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Cisco PIX 500 Series Security Appliances

Cisco Security Notice: Response to BugTraq - Cisco PIX SSH/Telnet dDOS Vulnerability CSCdy51810

Document ID: 59676


Revision 1.0

Last Updated 2002 November 11



Contents

Summary
Details
Cisco Security Procedures

Summary

This document is provided to simplify access to Cisco responses to possible product security vulnerability issues posted in public forums for Cisco customers. This does not imply that Cisco perceives each of these issues as an actual product security vulnerability. This notice is provided on an "as is" basis and does not imply any kind of guarantee or warranty. Your use of the information on the page or materials linked from this page are at your own risk. Cisco reserves the right to change or update this page without notice at any time.

Details

Original Report: http://www.securityfocus.com/archive/1/299046 leavingcisco.com. Cisco responded with the following, which is also archived at http://www.securityfocus.com/archive/1/299253 leavingcisco.com.

To: BugTraq 
Subject: Re: Cisco PIX SSH/telnet dDOS vulnerability CSCdy51810
Date: Nov 11 2002 5:52PM 
Author: Sharad Ahlawat <sahlawat@cisco.com>
Message-ID: <200211110952.55546.sahlawat@cisco.com>
In-Reply-To: <20021105212004.8196.qmail@mail.securityfocus.com>

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Hash: SHA1

This email is in response to the BugTraq posting at 
http://online.securityfocus.com/archive/1/299046

There are two issues in the original email which are addressed below.

1) The TCP stack on the PIX is non RFC compliant in responding to TCP packets 
destined to the network broadcast address. 

One could craft a telnet/ssh client to connect to the PIX by sending requests 
to the network broadcast address of the subnet the PIX is connected to. Even 
if one was able to connect to the PIX, by using such a crafted client, one 
would still need an account/password to gain access to the PIX.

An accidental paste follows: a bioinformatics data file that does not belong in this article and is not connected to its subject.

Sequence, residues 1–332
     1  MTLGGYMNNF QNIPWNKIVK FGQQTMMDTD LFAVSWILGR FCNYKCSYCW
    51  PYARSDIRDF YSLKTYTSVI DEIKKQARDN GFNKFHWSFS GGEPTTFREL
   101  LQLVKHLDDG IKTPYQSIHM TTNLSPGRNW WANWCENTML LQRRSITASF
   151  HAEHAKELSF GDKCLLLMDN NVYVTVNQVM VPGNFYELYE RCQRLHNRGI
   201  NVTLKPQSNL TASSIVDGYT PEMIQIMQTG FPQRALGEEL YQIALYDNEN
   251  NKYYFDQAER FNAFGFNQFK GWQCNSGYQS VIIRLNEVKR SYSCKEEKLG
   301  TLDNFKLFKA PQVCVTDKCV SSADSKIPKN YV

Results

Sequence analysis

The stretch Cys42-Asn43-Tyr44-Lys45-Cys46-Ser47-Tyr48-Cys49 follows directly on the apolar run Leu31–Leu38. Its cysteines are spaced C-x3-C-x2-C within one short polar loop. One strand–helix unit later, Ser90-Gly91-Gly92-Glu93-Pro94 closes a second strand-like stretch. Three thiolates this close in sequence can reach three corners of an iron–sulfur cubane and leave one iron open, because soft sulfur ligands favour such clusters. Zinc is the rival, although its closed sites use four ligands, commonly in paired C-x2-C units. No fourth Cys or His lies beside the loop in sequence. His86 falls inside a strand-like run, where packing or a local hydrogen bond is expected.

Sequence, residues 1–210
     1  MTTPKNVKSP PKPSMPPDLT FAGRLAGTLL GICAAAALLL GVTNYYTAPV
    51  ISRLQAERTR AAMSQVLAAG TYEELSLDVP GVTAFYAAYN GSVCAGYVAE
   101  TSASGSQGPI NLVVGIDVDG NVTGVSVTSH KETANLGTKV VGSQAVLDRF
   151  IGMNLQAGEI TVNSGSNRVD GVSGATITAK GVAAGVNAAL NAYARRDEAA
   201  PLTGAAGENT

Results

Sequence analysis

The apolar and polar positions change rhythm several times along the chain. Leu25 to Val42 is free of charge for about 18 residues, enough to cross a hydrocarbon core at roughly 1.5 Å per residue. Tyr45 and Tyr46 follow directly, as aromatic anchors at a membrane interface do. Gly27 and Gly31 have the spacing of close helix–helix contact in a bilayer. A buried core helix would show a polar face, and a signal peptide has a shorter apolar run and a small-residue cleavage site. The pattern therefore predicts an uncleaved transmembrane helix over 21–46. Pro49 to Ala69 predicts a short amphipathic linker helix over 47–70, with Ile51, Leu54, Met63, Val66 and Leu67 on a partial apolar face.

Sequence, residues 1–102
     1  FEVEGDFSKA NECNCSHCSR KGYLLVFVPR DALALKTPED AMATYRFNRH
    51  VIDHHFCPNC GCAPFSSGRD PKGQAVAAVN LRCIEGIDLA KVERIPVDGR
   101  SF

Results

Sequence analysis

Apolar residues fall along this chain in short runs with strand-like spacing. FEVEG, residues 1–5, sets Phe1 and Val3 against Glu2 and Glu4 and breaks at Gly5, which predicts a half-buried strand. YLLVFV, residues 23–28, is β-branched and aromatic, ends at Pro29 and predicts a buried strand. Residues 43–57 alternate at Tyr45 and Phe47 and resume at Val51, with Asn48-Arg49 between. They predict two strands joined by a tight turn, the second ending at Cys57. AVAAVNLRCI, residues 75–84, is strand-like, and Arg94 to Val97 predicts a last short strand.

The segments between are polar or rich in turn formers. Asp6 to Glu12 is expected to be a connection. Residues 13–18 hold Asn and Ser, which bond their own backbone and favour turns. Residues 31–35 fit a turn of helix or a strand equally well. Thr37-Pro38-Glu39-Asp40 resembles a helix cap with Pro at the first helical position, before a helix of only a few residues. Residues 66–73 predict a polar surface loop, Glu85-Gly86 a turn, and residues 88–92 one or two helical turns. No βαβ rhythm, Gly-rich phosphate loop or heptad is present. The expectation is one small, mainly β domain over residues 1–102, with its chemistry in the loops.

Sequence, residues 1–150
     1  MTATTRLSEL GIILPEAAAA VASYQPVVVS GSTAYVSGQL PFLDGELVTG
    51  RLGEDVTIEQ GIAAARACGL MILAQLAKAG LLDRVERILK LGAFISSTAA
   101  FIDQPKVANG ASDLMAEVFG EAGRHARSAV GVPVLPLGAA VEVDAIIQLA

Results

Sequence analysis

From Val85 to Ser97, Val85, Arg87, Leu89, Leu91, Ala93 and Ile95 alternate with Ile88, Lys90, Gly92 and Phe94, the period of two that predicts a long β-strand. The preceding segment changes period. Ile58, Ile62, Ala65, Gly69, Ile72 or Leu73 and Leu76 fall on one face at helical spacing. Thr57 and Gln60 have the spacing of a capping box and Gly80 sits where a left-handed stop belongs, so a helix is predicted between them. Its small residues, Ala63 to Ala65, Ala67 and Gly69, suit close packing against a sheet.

Security of the PIX is not compromised.

A router does not allow directed broadcasts by default so such behavior can 
only be experienced on the local subnet. If directed broadcast is required 
for a subnet then using the ACL option of the directed broadcast command on 
the router, TCP directed broadcasts can be filtered out for the subnet.

This nonconformant behavior is being fixed in all upcoming PIX releases by 
allowing new TCP sessions to be created only if the packet was sent to the 
PIX interface address. Packets sent to the broadcast or subnet address would 
be dropped.

2) PIX releases unused memory and will allocate memory using a best fit scheme 
which will reuse freed chunks of memory. When allocating memory, the PIX will 
first attempt to re-use memory that was freed and not part of the contiguous 
heap.
  
Cisco has performed additional testing and confirms that no fragmentation or 
memory leaks are seen based on the attack described in this report.

- -- 
Sharad Ahlawat
Cisco Product Security Incident Response Team (PSIRT)
http://www.cisco.com/go/psirt
Phone:+1 (408) 527-6087
PGP-key: http://pgp.mit.edu:11371/pks/lookup?op=get&search=0xC12A996C
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C12A 996C

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Cisco Security Procedures

Complete information on reporting security vulnerabilities in Cisco products, obtaining assistance with security incidents, and registering to receive security information from Cisco, is available on Cisco's worldwide website at http://www.cisco.com/en/US/products/products_security_vulnerability_policy.html. This includes instructions for press inquiries regarding Cisco security notices. All Cisco security advisories are available at http://www.cisco.com/go/psirt.



Updated: Jul 14, 2005 Document ID: 59676